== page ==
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A (commutative) algebra $A$ is called formally smooth if for any (commutative) algebra $R$ and an ideal $I\subset R$ such that $I^2=0$, any morphism $A\to R/I$ lifts to a morphism $A\to R$.

Suppose now that $X$ is a variety and $A$ is the algebra of regular functions on it.

How are the definitions of formal smoothness of $A$ and smoothness of the variety $X$ related?

Are the two notions equivalent? It doesn't seem to be the case, but I don't know how to prove it. I might be very silly here. In this case I would be glad if you explain that to me.

Thank you very much!

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1 Answer 1

up vote 7 down vote accepted

You haven't introduced a base-ring for the various algebras in play; let me denote it by $A_0$. (In the case of varieties, we would take $A_0$ to be a field, but that doesn't affect anything.)

For a finitely presented $A_0$-algebra $A$, formal smoothness is equivalent to smoothness. (And if $A_0$ is Noetherian, e.g. a field, then f.p. is equivalent to finite type.)

In particular, for the affine ring of an affine variety, formal smoothness over the ground field $k$ is equivalent to the variety being smooth.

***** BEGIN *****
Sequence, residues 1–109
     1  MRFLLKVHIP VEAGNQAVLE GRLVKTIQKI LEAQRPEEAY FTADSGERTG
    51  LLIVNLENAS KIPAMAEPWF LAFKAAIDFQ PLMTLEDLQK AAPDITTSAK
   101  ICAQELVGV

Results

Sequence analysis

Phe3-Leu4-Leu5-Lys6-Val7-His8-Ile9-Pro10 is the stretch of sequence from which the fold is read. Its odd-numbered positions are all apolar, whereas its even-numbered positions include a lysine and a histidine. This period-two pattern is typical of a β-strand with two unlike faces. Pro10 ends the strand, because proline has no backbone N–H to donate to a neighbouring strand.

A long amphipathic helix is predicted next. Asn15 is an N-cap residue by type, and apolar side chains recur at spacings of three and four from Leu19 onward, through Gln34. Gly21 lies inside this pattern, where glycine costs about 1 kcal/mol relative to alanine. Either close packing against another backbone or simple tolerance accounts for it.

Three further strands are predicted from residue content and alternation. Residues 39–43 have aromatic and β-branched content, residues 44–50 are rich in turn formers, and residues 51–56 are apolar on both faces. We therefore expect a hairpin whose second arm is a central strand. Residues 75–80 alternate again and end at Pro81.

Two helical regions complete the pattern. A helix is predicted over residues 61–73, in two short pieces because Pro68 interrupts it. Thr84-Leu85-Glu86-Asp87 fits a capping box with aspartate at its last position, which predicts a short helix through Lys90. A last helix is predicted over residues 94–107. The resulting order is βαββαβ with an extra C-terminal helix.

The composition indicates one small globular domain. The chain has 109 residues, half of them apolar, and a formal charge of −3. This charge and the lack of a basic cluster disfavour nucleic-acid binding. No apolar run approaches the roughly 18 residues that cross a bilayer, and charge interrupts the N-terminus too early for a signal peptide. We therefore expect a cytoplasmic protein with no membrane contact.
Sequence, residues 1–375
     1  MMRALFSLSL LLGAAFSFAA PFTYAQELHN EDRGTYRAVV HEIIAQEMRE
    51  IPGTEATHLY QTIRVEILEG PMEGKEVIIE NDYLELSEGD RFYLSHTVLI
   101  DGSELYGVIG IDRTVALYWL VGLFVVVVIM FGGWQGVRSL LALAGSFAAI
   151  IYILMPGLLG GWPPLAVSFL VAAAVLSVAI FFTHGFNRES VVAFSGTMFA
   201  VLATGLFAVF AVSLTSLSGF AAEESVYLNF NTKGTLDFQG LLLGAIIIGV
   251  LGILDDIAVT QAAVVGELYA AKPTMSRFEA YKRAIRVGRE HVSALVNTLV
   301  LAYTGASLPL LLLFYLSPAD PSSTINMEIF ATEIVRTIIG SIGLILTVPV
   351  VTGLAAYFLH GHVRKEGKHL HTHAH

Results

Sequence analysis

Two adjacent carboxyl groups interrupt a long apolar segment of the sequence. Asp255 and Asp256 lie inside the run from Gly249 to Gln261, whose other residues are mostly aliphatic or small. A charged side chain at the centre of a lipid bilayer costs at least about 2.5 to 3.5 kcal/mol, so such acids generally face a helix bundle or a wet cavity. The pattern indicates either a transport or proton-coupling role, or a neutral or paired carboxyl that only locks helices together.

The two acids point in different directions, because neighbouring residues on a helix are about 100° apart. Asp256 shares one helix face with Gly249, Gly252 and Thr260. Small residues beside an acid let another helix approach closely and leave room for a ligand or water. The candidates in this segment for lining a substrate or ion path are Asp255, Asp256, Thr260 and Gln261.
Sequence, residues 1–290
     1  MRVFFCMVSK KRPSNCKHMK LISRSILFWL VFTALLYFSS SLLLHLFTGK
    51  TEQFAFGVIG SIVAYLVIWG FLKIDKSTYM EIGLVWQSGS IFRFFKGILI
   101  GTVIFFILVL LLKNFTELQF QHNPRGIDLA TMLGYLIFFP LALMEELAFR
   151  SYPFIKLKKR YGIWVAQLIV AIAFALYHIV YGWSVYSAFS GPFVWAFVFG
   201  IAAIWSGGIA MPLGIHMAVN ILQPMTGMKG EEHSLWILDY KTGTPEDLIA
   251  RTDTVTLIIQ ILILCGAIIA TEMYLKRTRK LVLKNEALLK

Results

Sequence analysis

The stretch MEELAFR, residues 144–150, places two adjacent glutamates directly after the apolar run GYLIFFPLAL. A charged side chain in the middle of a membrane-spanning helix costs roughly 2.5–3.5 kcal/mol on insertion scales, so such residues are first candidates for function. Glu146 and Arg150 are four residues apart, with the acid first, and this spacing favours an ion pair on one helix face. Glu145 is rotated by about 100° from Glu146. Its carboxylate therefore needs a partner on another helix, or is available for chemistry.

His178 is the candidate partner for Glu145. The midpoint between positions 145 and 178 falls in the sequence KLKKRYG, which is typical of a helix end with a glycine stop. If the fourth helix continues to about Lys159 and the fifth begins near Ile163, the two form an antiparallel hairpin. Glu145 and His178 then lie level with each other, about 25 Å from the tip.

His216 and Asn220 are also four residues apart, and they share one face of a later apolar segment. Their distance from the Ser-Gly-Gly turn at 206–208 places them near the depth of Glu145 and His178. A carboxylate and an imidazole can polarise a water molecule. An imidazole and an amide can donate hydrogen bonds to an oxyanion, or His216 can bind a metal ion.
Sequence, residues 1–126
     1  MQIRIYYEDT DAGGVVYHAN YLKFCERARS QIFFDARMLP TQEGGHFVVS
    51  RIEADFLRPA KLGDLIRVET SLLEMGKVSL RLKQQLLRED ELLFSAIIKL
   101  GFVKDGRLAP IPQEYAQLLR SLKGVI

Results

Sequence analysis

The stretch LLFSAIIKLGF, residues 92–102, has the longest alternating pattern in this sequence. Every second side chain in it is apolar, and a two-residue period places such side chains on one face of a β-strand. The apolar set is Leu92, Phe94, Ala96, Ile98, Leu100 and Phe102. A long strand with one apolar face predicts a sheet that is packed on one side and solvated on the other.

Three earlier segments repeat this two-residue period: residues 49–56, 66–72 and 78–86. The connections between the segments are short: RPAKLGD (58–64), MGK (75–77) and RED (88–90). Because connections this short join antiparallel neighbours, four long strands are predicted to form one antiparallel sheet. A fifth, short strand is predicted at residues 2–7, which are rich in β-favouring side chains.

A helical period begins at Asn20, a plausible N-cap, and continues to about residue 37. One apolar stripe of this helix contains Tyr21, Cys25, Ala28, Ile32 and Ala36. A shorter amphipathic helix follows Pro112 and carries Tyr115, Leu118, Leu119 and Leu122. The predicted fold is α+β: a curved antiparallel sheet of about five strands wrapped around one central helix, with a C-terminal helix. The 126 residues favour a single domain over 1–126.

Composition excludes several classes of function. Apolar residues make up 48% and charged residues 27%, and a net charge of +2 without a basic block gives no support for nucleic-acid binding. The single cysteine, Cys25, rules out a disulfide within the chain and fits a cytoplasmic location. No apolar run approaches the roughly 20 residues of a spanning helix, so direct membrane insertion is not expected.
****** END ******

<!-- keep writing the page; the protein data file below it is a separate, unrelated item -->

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Dear Matthew, can you, please, give me a reference? Or is it supposed to be obvious and I am just being stupid? –  Sasha Patotski Mar 10 at 0:39
    
Dear Sasha, It's a theorem of Grothendieck, originally proved somewhere in SGA IV, I think. The reference in the stacks project is here. There is also an exercise in Hartshorne where he sketches how to deduce one direction (smoothness implies formal smoothness), probably in the section that discusses smooth morphisms. Regards, –  Matt E Mar 10 at 0:45
    
@SashaPatotski: Dear Sasha, Sorry, SGA IV should have read EGA IV. Cheers, –  Matt E Mar 10 at 2:34
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@SashaPatotski It is probably worth mentioning that you're not stupid, that this theorem, unlike the analogue for, say, unramifiedness, is difficult. –  Alex Youcis Mar 10 at 5:37

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